Tasmania is one of the most easily skipped parts of Australia for backpackers who are more often drawn to the commercialised party of the East Coast or the big city life of Melbourne and Sydney. Many know nothing about Tasmania, I certainly didn’t realise it was a separate island until I actually arrived in Australia. But I knew almost straight away that the West Coast of Australia and Tasmania would be real highlights for me when exploring Australia. Don’t get me wrong, there are some special sights to see along the East Coast but it is very much about partying and I think it is a shame so many never travel beyond it. When I returned on my second year visa, it was my absolutely priority to get myself to Tasmania as soon as possible, my tax back from the previous year was sitting in my account waiting to be spent and how better than on a month in Bali and a Tasmania road trip?
Flights and job-hunting
Flying into Hobart, I was excited for the crisp, clear air and the stormy skies after the last month in humid Bali and sunny Cairns. Flights to Tasmania are some of the cheapest I have found in Australia, I actually paid less than $100 for my flight from Cairns via Sydney, and landed in Hobart which I used as my base for the next few weeks. I originally arrived with hopes of finding work and staying over Christmas before returning to Melbourne, but friends I made in the hostel assured me it would be harder than expected to find work and I was best off just travelling then working in Melbourne. The farming season had been delayed in Tasmania due to the weather so those hunting for raspberry/strawberry picking work or cherries, were hanging around in the hope something would turn up. Hospitality work was hard to come by as there just weren’t enough jobs for those looking and it always helped to know someone who could get you in. I personally would really recommend just travelling Tasmania so you can get the most out of it as it actually costs very little to have an amazing experience compared to other parts of Australia.
Where to stay?
In my view there is only one hostel even worth mentioning in this section – The Pickled Frog. Within minutes of arriving it became one of my absolute favourite hostels ever, not just in Australia. It was full of the most friendly and relaxed travellers I have ever met and many of them were there long-term to work so they made the place feel like home. Some were just about to set off on road trips around the island, others had just come back, either way, they were a wealth of information about what to see and do. The hostel was a pretty old building with creaky floors and two huge dogs, it had charm and character and all centred around a huge living area with couches and tables to relax on and hang out with other travellers. The kitchen was huge and was a great place to meet new people and cook up a feast before sitting in the living room to play cards all night and drink beers from the bar in the reception.Situated at the top of Hobart city, you can’t miss the hostel which has been painted bright green and it is easy to get the airport shuttle to right outside the door. A bed in the hostel came to between $26-30 a night depending on the size dorm you went for – I always stayed in six bed dorms which were perfect as I wasn’t a fan of the bigger dorms downstairs. Even better, you get a lot of great freebies for your money as the hostel provides free trips to Mount Wellington, the Museum of Old and New Art (MONA) and Bonorong Wildlife Sanctuary where you can see Tasmanian devils. Trust me, staying in this hostel will make your Hobart experience!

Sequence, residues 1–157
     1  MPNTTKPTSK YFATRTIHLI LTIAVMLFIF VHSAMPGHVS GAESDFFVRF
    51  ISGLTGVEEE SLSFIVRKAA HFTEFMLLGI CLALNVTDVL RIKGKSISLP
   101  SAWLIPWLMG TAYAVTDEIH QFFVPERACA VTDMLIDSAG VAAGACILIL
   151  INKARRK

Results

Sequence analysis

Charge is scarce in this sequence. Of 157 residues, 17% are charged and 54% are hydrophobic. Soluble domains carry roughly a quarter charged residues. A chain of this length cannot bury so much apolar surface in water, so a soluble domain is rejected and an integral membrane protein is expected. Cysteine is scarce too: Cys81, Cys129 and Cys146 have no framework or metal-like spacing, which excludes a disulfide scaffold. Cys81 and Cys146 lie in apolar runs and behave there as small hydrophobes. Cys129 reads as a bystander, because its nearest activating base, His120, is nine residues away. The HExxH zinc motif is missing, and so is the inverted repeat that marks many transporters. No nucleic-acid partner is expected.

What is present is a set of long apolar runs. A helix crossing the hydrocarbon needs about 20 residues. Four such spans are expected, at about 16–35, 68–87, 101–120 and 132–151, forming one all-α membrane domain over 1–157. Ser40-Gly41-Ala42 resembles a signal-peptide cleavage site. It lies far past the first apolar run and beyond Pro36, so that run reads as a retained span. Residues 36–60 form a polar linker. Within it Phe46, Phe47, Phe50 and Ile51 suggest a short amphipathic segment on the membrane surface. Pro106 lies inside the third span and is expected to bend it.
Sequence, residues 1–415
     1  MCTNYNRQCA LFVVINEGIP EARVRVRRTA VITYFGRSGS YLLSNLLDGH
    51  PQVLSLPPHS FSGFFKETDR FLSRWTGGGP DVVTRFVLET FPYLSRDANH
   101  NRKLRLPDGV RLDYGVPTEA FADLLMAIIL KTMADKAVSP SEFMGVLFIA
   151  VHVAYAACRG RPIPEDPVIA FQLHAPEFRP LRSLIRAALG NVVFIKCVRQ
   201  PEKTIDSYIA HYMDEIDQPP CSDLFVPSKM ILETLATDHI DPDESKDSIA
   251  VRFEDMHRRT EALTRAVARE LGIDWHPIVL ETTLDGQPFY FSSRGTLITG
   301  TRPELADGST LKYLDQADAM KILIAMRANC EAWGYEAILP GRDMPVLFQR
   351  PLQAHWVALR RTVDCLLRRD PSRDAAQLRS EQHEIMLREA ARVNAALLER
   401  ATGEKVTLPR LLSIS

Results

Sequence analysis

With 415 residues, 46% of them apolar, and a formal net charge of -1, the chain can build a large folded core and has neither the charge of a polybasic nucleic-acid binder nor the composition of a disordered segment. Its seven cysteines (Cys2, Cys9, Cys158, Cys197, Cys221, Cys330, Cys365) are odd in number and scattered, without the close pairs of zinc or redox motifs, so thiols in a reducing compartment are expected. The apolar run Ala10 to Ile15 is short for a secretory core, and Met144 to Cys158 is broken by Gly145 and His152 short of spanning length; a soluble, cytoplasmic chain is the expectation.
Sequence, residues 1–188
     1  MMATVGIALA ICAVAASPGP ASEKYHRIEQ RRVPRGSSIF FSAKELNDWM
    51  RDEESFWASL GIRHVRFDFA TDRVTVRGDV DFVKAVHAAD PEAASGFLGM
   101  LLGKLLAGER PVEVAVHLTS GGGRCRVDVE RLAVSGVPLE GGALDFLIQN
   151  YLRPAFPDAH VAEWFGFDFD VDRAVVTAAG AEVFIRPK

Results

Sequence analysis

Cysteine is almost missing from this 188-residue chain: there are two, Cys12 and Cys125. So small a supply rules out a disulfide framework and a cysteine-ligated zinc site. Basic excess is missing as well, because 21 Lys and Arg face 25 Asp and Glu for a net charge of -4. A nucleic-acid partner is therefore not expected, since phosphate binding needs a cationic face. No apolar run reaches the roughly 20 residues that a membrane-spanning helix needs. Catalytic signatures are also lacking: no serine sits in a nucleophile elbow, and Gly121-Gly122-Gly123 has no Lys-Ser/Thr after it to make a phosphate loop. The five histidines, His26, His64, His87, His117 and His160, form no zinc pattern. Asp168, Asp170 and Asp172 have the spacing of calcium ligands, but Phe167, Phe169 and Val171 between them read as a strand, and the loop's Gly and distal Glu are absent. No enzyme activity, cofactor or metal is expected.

Top 5 things to see and do:
- Museum of Old and New Art (MONA) – it goes without saying that you HAVE to experience this freakishly fascinating collection, you won’t come out the same! Highlights include the wall of vaginas and the machine that makes poo.
- Mount Wellington – get the hostel bus to the top and take in the views before walking back down. It only takes about two hours to walk down and get the bus back to the hostel but it’s a lovely stroll through forest trails.
- Salamanca markets – packed full of local produce including fruit, cheeses and smoked salmon, and soundtracked by talented buskers and musicians, it’s the perfect way to spend a Saturday morning.
- Discover the flavours of local producers by spending day visiting them by car/bus and sampling wines/cheeses/beers/ciders/chocolate. I actually had one of my best dates ever doing this with a guy I met down there.
- Walk around the city – it’s so small that you can easily walk the Tasman Highway bridge and make it to Battery Point to marvel at the quaint homes, antique stores and enjoy a beer all in one afternoon.
Why I fell in love with Hobart
Hobart has a real charm that other parts of Australia lack, perhaps being English it was the quaint, older charm the city had that won me over. I loved the way everything had a real history and seemed from a time long before the modern skyscrapers of the cities. The solid wooden bars seemed like they had a story to tell, the musicians were quirky and brought unique talent to the table. The lifestyle was slower and more appreciative than the busy bustle of Melbourne or Sydney, less focused on partying and more on appreciating the great outdoors, and when it came to that, Tasmania had a lot to offer. Everyone knows from this blog that I am a total party animal, but there is another side to me, that country girl from the UK who loves getting outdoors and active. Tasmania was a perfect place to do this and so when I was in Hobart, I used my time to plan a road trip around the rest of the island – I’ll be blogging about how I planned my trip at a later date.
Have you been to Hobart – what was your favourite part? Can you recommend any things to do/places to eat at?